With California a key focus of the wine market currently in terms of performance and Liv-ex’s recent launch of the California 50 benchmark, we will take a closer look at the top five wines of the region in our next series of blogs and start with Harlan Estate.
“After various tastings of Harlan wines and with all the scores given, we have to conclude that this wine can be set apart from the rest as the first of the first growths.” Napa Valley Classification – First Growth
Classification: California First Growth
Location: Oakville, Napa Valley
History: Founded in 1984
Owned by: H.W. Harlan
Varietals: Cabernet Sauvignon (70%), Merlot (20%), Cabernet Franc (8%), Petit Verdot (2%)
Production: Average annual 1,800 cases per annum
Property developer, H. William Harlan, is one of the modern day Napa pioneers and, in conjunction with the late Robert Mondavi, has had a significant influence on the development to date of the fine wine industry in California.
A visionary, Harlan was drawn to Napa as a college student in 1958 and was a frequent visitor as a young man. The opening of the Robert Mondavi Winery in 1966 captured his imagination and led to his search for suitable land throughout the 1970s which resulted in his acquisition of Meadowood.
Shortly after this, Robert Mondavi took Harlan on a transformative trip to the top wine estates of Europe in 1980, where he visited the Bordeaux First Growths and Burgundy’s top Grand Cru vineyards. Inspired by the history and legacy of these great estates, Harlan returned to Napa with the aim to develop a ‘First Growth of California’ and a wine estate that would grow and thrive for generations.
Harlan started recruiting and work on an early project helped establish the founding members of the future Harlan Estate team. Meanwhile, Mondavi encouraged Harlan to develop Meadowood to be a focal point for the Napa community and it subsequently became the home of the famous annual Napa Valley auction, based upon Burgundy’s Hospices de Beaune model.
In 1984 Harlan acquired his first 40 acres in the hills above Oakville, famous for producing the best red wines in America, and this became the foundation of the Harlan Estate. Over the next decade he added a further few hundred acres of neighbouring hillside to the Estate footprint. The terrain is a combination of sedimentary and volcanic soils, and has exposure to north, south, east and west directions. Small parcels of vines have been planted with Bordeaux varietals since 1985.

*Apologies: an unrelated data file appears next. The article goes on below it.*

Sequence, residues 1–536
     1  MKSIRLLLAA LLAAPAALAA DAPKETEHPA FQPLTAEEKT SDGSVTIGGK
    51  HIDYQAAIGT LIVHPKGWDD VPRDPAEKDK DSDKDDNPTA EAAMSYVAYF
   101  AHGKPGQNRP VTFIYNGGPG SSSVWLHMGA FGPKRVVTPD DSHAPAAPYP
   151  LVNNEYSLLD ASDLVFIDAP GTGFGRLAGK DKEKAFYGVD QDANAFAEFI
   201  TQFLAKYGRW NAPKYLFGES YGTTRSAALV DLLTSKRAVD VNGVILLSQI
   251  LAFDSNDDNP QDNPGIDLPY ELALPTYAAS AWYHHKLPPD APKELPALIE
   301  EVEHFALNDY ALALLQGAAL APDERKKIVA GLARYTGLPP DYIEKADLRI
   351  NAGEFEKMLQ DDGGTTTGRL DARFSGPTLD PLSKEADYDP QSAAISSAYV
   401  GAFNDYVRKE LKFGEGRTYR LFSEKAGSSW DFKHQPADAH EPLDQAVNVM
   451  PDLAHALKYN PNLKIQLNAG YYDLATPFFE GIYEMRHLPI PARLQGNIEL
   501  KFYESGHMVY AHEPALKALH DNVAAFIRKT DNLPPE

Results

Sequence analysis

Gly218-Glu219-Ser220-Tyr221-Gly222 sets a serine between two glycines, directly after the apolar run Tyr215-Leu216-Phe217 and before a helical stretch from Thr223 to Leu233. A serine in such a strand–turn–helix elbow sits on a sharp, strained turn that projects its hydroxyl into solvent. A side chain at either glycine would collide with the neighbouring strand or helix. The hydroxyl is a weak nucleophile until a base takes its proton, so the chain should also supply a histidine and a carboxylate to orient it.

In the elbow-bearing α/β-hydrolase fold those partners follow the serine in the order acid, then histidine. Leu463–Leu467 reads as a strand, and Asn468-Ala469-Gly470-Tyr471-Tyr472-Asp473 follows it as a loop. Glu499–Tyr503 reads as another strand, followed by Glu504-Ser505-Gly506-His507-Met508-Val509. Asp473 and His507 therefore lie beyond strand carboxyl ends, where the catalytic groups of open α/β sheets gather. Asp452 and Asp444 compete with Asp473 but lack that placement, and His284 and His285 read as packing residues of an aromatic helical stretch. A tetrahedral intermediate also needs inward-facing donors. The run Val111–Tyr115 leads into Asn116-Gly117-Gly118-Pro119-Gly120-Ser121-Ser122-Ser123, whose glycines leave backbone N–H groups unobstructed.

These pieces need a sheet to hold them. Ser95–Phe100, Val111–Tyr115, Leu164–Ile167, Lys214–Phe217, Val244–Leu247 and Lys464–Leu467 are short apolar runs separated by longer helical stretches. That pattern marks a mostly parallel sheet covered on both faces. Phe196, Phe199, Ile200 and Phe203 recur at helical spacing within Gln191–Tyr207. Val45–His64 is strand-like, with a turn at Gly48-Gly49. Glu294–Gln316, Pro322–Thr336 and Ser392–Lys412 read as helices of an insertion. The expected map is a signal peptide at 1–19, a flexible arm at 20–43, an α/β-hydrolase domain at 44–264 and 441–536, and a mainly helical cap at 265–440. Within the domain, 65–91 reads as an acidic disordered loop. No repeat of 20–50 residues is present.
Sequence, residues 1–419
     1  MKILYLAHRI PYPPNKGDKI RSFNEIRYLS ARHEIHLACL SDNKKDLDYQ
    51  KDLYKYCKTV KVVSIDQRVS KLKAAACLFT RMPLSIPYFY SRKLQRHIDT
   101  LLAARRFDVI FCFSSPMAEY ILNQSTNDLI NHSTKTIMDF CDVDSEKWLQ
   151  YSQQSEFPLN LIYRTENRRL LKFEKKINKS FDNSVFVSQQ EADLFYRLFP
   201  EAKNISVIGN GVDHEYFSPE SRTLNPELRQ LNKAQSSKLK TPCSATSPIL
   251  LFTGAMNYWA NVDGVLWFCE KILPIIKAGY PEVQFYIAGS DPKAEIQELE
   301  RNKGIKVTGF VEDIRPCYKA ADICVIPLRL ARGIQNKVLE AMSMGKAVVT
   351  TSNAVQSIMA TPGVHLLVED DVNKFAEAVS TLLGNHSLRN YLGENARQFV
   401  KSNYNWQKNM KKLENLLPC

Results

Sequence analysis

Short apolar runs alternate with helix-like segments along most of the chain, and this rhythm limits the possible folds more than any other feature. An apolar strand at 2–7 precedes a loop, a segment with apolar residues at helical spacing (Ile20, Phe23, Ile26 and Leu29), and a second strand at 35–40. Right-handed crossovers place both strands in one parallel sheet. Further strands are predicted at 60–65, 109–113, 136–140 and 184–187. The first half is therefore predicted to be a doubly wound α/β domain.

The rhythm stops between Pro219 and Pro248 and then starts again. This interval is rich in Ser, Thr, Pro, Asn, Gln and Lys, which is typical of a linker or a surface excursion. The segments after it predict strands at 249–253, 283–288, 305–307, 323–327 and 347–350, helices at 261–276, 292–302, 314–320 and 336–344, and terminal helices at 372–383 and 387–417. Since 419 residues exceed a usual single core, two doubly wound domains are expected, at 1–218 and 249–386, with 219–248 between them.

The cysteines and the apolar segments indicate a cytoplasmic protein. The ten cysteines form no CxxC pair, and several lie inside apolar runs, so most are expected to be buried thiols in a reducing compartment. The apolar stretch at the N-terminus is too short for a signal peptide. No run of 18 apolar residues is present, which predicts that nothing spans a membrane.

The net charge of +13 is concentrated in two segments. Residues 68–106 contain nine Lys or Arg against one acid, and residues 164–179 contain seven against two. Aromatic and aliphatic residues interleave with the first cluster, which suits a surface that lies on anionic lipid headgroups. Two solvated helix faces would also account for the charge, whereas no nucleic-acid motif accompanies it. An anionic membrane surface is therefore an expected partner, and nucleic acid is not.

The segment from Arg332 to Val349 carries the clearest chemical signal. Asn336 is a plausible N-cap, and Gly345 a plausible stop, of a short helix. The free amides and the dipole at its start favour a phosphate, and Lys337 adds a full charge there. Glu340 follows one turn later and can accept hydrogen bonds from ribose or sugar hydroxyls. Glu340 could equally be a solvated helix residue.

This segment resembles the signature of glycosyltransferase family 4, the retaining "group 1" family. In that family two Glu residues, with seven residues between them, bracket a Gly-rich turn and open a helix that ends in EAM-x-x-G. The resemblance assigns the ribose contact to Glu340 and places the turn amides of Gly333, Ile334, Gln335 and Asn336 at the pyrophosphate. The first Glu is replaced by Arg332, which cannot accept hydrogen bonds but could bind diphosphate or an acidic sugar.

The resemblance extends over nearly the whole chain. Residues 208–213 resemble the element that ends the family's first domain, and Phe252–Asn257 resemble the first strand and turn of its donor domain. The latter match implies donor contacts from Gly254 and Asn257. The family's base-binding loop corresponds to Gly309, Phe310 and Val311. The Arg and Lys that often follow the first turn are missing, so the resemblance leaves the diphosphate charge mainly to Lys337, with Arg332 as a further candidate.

Production evolved with volumes ultimately on a similar scale to fellow Californian icon, Screaming Eagle. The first commercial vintage was grown in 1990 and released by the estate in 1996 and now annual productivity is at an average of 1,800 cases per annum.
Bob Levy, Director of Wine Making has been involved since Harlan’s original Merryvale winery project in 1983 and Michel Rolland has been retained as consultant oenologist since 1989.
The distinctive Harlan Estate label takes its original design inspiration from a 19th Century engraving overseen by retired US Treasury engraver Herb Fichter.
The consistent quality of the Estate’s wines has been recognised by the world’s most influential wine critic, Robert Parker Jnr who has awarded four vintages the perfect 100 points.
“Harlan Estate might be the single most profound red wine made not just in California, but in the world.” Robert Parker Jnr – The Wine Advocate
Prices reflect this quality with an average release price of US$850 per bottle which has risen in the secondary market to over US$1,200. A landmark sale at the 2000 Napa Valley Auction saw a 10-year vertical of Harlan Estate magnums achieve $700,000.
Harlan Estate wines are rarely available in the secondary market as each vintage is sold directly to its customers via a private subscription.
Harlan has since acquired further Napa territory and developed BOND, a small portfolio of grand cru quality vineyards of about 50 acres which produces about 2,500 cases and more recently the Promontory estate. This latest acquisition of 840 acres, will create 80 acres planted with vines and grow production from 2,000 to approximately 4,000 cases. Promontory wines were sold via the Bordeaux negociants for the first time in Spring 2018.
“Fine wine evolves over decades and wine growing estates, families and communities across generations.” H. William Harlan